UNITED STATES DISTRICT COURT EASTERN DISTRICT OF CALIFORNIA
September 23, 2010
NICOLE SWICEGOOD, PLAINTIFF,
MICHAEL J. ASTRUE, COMMISSIONER OF SOCIAL SECURITY, DEFENDANT.
The opinion of the court was delivered by: Sheila K. Oberto United States Magistrate Judge
ORDER REGARDING PLAINTIFF'S SOCIAL SECURITY COMPLAINT
Plaintiff seeks judicial review of a final decision of the Commissioner of Social Security (the "Commissioner" or "Defendant") denying her application for disability insurance benefits ("DIB") pursuant to Title II of the Social Security Act. 42 U.S.C. § 405(g). The matter is currently before the Court on the parties' briefs, which were submitted, without oral argument, to the Honorable Sheila K. Oberto, United States Magistrate Judge.*fn1
Plaintiff was born in 1972 and previously worked as an alarm dispatcher and real estate agent. (Administrative Record ("AR") 25, 97.) Plaintiff stopped working after she was no longer able to walk up and down stairs because of problems with her right knee. (AR 26.)
Plaintiff remained insured for DIB through June 30, 2006 (the "date last insured"). (AR 8.) On June 1, 2006, Plaintiff filed an application for DIB, alleging disability beginning on December 1, 2005, due to knee and neck problems. (AR 83-85, 96.)
On September 25, 2006, L.V. Bobba, M.D., a state agency medical consultant, assessed Plaintiff's physical residual functional capacity ("RFC"). (AR 178-82.) Dr. Bobba opined that Plaintiff could (1) occasionally lift and/or carry up to 20 pounds and frequently up to 10 pounds; (2) stand and/or walk for a total of at least two hours in an eight-hour workday; (3) sit for about six hours in an eight-hour workday; and (4) perform unlimited pushing and/or pulling with the upper and lower extremities. (AR 179.) Plaintiff could occasionally climb, balance, stoop, kneel, crouch, and crawl. (AR 180.) Plaintiff's ability to reach was limited, but she had no visual, communicative, or environmental limitations. (AR 180-81.)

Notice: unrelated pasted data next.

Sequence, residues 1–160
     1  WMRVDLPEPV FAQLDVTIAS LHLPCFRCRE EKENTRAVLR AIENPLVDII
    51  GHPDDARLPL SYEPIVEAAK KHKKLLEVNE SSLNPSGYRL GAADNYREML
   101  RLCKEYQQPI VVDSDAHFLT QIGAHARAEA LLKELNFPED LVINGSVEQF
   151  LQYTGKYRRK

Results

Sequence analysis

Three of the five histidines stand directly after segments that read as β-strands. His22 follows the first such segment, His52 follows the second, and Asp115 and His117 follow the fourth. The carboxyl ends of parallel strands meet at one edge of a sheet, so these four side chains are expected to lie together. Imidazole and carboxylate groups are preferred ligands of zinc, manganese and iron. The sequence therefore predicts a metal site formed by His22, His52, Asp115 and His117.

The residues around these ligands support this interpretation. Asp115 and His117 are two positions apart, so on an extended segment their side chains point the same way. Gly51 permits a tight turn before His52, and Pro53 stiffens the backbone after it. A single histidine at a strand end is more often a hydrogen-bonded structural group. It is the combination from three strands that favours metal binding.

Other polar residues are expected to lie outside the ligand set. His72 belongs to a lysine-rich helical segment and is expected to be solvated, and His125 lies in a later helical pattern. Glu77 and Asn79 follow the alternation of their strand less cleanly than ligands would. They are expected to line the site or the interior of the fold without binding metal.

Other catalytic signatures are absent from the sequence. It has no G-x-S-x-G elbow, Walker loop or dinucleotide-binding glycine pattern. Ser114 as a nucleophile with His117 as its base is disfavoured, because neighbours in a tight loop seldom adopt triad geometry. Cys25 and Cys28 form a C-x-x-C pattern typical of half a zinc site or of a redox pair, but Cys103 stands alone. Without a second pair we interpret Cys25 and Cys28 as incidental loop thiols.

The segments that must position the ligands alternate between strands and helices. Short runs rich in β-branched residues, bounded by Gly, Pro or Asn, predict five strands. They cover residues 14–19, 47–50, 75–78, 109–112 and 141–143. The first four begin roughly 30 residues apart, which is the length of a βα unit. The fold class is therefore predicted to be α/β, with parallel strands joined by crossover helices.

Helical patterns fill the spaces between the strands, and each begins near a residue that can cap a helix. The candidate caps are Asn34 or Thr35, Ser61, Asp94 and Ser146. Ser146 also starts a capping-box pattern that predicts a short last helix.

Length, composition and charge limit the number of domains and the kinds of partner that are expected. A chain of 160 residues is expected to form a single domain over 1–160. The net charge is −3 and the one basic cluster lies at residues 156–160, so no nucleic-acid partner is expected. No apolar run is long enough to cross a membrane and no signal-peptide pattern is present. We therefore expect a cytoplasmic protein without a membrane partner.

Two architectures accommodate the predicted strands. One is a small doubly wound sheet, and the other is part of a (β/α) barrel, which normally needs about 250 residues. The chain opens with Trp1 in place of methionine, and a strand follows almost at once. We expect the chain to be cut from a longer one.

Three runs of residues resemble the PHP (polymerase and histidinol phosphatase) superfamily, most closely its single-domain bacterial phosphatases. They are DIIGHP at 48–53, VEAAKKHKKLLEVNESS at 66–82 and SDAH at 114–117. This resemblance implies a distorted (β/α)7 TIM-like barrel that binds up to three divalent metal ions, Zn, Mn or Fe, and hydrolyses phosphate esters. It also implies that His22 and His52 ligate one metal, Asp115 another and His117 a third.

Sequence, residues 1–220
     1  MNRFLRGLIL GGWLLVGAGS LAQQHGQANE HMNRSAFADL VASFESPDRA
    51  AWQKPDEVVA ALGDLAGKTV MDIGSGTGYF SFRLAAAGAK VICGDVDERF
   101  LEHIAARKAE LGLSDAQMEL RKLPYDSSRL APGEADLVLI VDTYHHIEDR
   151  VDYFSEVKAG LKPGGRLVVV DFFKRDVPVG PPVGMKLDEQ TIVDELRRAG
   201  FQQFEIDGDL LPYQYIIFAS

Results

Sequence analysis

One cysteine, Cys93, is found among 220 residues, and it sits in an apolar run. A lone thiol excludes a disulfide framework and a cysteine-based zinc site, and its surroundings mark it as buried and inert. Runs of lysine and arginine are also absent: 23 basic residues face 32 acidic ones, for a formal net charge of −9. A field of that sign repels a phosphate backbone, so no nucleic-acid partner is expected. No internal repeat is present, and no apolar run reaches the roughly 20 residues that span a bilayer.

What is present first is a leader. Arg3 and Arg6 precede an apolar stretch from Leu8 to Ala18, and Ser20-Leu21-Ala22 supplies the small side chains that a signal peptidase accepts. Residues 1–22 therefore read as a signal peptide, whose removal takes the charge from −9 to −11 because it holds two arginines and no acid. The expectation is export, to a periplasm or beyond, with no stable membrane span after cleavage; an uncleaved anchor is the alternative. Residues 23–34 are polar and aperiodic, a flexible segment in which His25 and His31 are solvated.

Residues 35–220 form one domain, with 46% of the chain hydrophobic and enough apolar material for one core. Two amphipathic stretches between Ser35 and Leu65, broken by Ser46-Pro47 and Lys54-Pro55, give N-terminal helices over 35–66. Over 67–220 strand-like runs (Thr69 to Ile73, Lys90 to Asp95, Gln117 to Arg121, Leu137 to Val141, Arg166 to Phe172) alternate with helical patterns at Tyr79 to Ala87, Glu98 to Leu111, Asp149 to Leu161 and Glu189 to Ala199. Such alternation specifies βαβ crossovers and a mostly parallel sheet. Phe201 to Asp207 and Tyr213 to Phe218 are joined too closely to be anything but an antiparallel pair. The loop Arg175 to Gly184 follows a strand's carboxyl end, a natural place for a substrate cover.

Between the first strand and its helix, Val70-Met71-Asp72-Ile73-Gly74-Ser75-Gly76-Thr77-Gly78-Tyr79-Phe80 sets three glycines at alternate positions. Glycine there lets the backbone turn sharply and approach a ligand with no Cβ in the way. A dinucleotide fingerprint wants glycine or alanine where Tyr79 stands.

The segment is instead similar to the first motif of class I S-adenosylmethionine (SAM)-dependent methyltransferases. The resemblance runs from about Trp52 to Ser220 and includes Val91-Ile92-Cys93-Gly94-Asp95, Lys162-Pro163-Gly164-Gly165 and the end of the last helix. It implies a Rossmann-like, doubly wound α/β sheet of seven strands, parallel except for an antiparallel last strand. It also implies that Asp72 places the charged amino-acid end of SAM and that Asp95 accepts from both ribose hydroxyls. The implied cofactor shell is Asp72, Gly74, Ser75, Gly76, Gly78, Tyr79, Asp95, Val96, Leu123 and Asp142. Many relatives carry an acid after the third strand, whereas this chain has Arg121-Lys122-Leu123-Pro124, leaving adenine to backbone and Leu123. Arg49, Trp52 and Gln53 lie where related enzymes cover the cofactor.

On September 29, 2006, A.R. Garcia, M.D., a state agency psychiatric consultant, completed a psychiatric review technique form ("PRTF"), finding that Plaintiff had no medically determinable mental impairment. (AR 183.)
On November 21, 2007, Frank Fine, D.C., M.D., performed a consultative physical examination of Plaintiff. (AR 263-66.) Dr. Fine opined as follows:
With regards to work restrictions as it relates to her neck she needs to avoid sustained positions of upward and downward gaze. No repetitive rotation movements of her neck. She cannot push, pull, or lift more than ten pound[s] at or above shoulder height without aggravating neck pain and neck tension type headaches. Regarding her right hand she needs to avoid repetitive gripping, grasping, torquing, pushing, pulling, or lifting more than 10 pounds with the right upper extremity. Avoid fine fingering maneuvers of the right hand as well. Regarding her right lower extremity she cannot walk over uneven ground, climb stairs or ladders. She cannot repetitively kneel or squat on the right knee. She cannot prolong stand [sic] for more than 15 to 20 minutes and needs a five to ten minute interval rest. Regarding her lower back she should avoid repetitive bending and stooping and lifting more than ten pounds from the waist up. It is my opinion these are all permanent restrictions for her.
On that same day, Dr. Fine also completed a form on which he assessed Plaintiff's physical ability to do work-related activities. (AR 259-62.) Dr. Fine opined that Plaintiff could occasionally lift and carry only up to 10 pounds, and sit, stand, and walk for a total of one hour in an eight-hour workday. (AR 259-60.) Plaintiff could continuously use her feet but only occasionally use her hands for simple grasping and fine manipulation. (AR 260.) Plaintiff could frequently balance and occasionally climb, stoop, crouch, kneel, and crawl. (AR 261.) Plaintiff could also occasionally reach, handle, feel, and push or pull. (AR 261.) Finally, Plaintiff had no environmental limitations. (AR 262.)